Monthly Archives: August 2017

MORE FROM THE FAT BABIES in DAVENPORT, IOWA (August 3, 2017: Bix Beiderbecke Memorial Fest, Putnam Museum)

What follows seems — very reassuringly — like a tour through the landscape in which Bix Beiderbecke lived, and the ways in which he created it to his own dimensions.  It’s a leisurely concert given by The Fat Babies, who are Andy Schumm, cornet; Dave Bock, trombone; John Otto, Jonathan Doyle, reeds; Paul Asaro, piano; Johnny Donatowicz, banjo / guitar; Beau Sample, string bass, leader; Alex Hall — taking place at the Putnam Museum in Davenport, Iowa, as part of the 2017 Bix Beiderbecke Memorial Jazz Festival.

The nice video is yet another gift from “CANDC,” or “Chris-and-Chris,” who’ve also given us this delight — ninety minutes, two sets of the Babies, from the next day’s performances.

The songs are FIDGETY FEET / SUSIE /  BLUE RIVER /RIVERBOAT SHUFFLE / WHEN / OUR BUNGALOW OF DREAMS / OH, BABY! / SINGIN’ THE BLUES featuring a Whiteman coda / WOLVERINE BLUES (in the Wolverine Orchestra style, arranged by Andy Schumm) / I’LL BE A FRIEND “WITH PLEASURE” [vocal by Paul Asaro]/ FUTURISTIC RHYTHM / SLOW RIVER / I’M COMIN’ VIRGINIA / MY PRETTY GIRL.

May your happiness increase!

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“THE DIME NOTES” ADD UP TO HOT JAZZ PLEASURE

Before you ask the pressing question, please look under D: Cab Calloway’s Hepster’s Dictionary defines “dime note” as a ten-dollar bill.

It’s also the name of a rocking, utterly satisfying new band.  Cab would approve.

As the Elders used to say, “Here’s what I’m talkin’ about!“:

THE DIME NOTES are Andrew Oliver, piano; David Horniblow, clarinet; Dave Kelbie, guitar; Tom Wheatley, string bass.  And you can get a good idea of where their hearts lie by their chosen repertoire; ORIGINAL JELLY ROLL BLUES, ALABAMY BOUND, AUNT HAGAR’S CHILDREN’S BLUES, BLACK STICK BLUES, THE PEARLS, T’AIN’T CLEAN, SI TU VOIS MA MERE, THE CAMEL WALK, THE CRAVE, I BELIEVE IN MIRACLES, OLE MISS, TURTLE TWIST, WHAT A DREAM.  The first thing one notices is the presence of Morton, then Bechet, a few “jazz classics” with associations to Fats, W. C. Handy, and then compositions nobody plays: what band is delving into the Boyd Senter repertoire these days?  There’s also an original composition by Andrew, OTIS STOMP, “inspired by a small Oregon town called Otis Junction,” as Evan Christopher’s lavish liner notes tell us.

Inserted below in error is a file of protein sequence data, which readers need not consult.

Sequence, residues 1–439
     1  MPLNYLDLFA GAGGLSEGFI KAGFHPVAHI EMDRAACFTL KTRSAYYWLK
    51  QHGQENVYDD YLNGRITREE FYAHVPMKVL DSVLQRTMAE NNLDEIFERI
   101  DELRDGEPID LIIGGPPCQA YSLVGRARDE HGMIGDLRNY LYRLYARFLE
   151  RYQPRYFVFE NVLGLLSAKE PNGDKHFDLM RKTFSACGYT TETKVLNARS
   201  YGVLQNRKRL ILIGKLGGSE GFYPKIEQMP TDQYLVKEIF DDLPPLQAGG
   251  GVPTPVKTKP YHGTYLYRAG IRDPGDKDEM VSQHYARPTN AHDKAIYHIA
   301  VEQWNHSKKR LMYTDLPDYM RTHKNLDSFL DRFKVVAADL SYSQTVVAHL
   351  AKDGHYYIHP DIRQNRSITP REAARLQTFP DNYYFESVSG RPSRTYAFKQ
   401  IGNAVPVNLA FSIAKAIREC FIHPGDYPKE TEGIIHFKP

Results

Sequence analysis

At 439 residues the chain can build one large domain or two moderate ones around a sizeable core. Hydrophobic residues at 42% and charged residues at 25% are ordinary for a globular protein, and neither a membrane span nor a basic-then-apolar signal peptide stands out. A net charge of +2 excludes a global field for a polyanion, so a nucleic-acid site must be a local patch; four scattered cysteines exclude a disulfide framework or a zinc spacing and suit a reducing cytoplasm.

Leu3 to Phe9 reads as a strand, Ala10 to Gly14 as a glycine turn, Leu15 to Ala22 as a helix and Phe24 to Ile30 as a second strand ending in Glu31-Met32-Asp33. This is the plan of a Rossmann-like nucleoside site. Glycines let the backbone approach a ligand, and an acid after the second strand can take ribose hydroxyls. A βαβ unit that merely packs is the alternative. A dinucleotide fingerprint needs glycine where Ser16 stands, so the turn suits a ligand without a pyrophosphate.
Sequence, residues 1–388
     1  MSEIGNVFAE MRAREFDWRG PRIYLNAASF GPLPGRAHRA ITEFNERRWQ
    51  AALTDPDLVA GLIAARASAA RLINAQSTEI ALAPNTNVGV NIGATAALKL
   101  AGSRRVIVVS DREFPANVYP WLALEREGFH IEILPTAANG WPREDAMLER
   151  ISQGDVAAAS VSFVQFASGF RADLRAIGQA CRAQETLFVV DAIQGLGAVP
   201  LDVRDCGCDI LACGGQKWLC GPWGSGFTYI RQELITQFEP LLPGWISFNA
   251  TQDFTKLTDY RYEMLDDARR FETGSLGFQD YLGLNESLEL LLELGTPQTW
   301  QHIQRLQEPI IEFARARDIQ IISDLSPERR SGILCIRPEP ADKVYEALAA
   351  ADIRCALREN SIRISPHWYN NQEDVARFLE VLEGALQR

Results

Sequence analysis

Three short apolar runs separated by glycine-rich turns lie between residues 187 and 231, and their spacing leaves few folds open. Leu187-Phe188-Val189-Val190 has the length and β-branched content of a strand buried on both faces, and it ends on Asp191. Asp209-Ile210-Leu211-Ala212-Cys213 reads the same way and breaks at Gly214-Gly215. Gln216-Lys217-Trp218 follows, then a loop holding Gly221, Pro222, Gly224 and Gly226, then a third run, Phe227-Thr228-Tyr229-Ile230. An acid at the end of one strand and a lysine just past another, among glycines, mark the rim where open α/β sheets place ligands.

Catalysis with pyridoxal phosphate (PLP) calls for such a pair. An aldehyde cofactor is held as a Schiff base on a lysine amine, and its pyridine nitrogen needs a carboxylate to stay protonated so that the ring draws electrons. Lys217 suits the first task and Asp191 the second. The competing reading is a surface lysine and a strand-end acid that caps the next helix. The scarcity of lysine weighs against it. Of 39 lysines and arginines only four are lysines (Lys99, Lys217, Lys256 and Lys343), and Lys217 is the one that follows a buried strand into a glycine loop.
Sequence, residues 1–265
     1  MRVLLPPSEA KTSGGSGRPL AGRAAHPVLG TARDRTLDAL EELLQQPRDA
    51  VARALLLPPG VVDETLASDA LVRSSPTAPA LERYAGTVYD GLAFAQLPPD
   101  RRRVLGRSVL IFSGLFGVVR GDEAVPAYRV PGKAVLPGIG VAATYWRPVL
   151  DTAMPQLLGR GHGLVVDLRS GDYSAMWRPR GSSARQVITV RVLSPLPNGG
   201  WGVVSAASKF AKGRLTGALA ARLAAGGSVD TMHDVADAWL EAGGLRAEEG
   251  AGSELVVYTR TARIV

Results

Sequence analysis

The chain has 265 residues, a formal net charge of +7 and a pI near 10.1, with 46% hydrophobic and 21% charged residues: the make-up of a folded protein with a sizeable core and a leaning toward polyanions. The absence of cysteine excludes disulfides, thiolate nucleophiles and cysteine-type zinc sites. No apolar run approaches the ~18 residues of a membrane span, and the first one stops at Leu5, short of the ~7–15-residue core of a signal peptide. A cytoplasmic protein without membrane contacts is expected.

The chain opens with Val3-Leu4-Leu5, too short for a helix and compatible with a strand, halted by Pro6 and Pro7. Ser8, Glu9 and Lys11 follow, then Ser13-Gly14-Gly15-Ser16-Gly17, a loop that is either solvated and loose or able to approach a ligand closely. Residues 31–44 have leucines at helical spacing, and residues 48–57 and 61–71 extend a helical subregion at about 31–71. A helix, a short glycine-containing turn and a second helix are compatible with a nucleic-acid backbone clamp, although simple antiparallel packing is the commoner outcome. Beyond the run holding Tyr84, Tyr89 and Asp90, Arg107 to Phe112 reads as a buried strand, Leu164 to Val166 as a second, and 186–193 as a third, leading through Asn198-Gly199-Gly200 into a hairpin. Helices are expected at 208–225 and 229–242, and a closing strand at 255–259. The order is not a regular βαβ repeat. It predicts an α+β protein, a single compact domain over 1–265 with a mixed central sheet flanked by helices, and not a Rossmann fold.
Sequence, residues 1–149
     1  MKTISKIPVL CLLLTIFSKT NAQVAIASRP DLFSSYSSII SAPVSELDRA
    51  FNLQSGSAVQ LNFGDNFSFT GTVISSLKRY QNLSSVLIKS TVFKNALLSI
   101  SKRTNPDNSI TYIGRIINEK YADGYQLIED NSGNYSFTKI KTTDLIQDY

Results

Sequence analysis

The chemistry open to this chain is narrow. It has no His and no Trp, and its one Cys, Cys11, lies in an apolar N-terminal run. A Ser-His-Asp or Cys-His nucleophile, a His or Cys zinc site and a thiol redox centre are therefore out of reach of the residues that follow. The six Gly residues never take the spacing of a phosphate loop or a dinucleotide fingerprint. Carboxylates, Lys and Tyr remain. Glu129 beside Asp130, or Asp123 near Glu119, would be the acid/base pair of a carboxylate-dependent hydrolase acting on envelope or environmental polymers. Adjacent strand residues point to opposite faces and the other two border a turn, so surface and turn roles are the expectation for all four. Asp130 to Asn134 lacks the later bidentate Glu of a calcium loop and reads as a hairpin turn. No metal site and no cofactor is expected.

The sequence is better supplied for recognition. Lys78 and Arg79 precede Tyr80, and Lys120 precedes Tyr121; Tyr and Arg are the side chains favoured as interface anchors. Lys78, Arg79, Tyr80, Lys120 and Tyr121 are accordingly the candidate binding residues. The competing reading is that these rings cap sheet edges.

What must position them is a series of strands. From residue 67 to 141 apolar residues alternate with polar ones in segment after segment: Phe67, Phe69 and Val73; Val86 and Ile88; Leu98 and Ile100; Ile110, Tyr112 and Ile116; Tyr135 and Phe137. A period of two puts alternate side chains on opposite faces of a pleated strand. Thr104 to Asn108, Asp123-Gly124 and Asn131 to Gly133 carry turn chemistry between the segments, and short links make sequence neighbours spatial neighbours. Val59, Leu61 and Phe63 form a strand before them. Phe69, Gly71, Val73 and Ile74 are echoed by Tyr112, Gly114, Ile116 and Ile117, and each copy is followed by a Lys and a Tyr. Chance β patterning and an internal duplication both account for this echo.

But a tune list is just that: some lesser bands would take this one and create something admiring yet completely dessicated.  Heroic, admiring copies of venerable 78s in twenty-first century sound.  That line of work can be a great pleasure, in person and on record, but THE DIME NOTES have come to play, which they do splendidly, with heartfelt understanding of all the music that has come before them and what its open possibilities are right now.

And here’s the secret of this engaging little group (a quartet that will not make you lonesome for a cornet, trombone, or drums): THEY SWING.  Let that sink in. Some groups that have given their study and energy to the music of the Twenties and early Thirties seem to have made it a point of honor to keep the rhythmic styles of the great innovators as they were, as if the way the music propelled itself in 1937 would be an insult to a composition first performed fifteen years earlier.  I don’t mean that this band plays hot jazz with a side dish of Dizzy, Bird, and Al Haig — but they do know that Count Basie walked the earth and improved it seriously.  So THE DIME NOTES benefit not only from the magnificent playing of each of the four instrumentalists, but they understand how to work together as a supple, rocking small ensemble.  To me, they are the Guarnieri Quartet of Hot.

They can swagger and soar and make it seem as if the disc in the player — the player itself — is about to take off and rocket around the room.  But they can also be tender and quiet, deeply lyrical, sorrowing, when the song calls for it.  And the disc is certified gimmick-free: no jokes, no tricks played on the listener.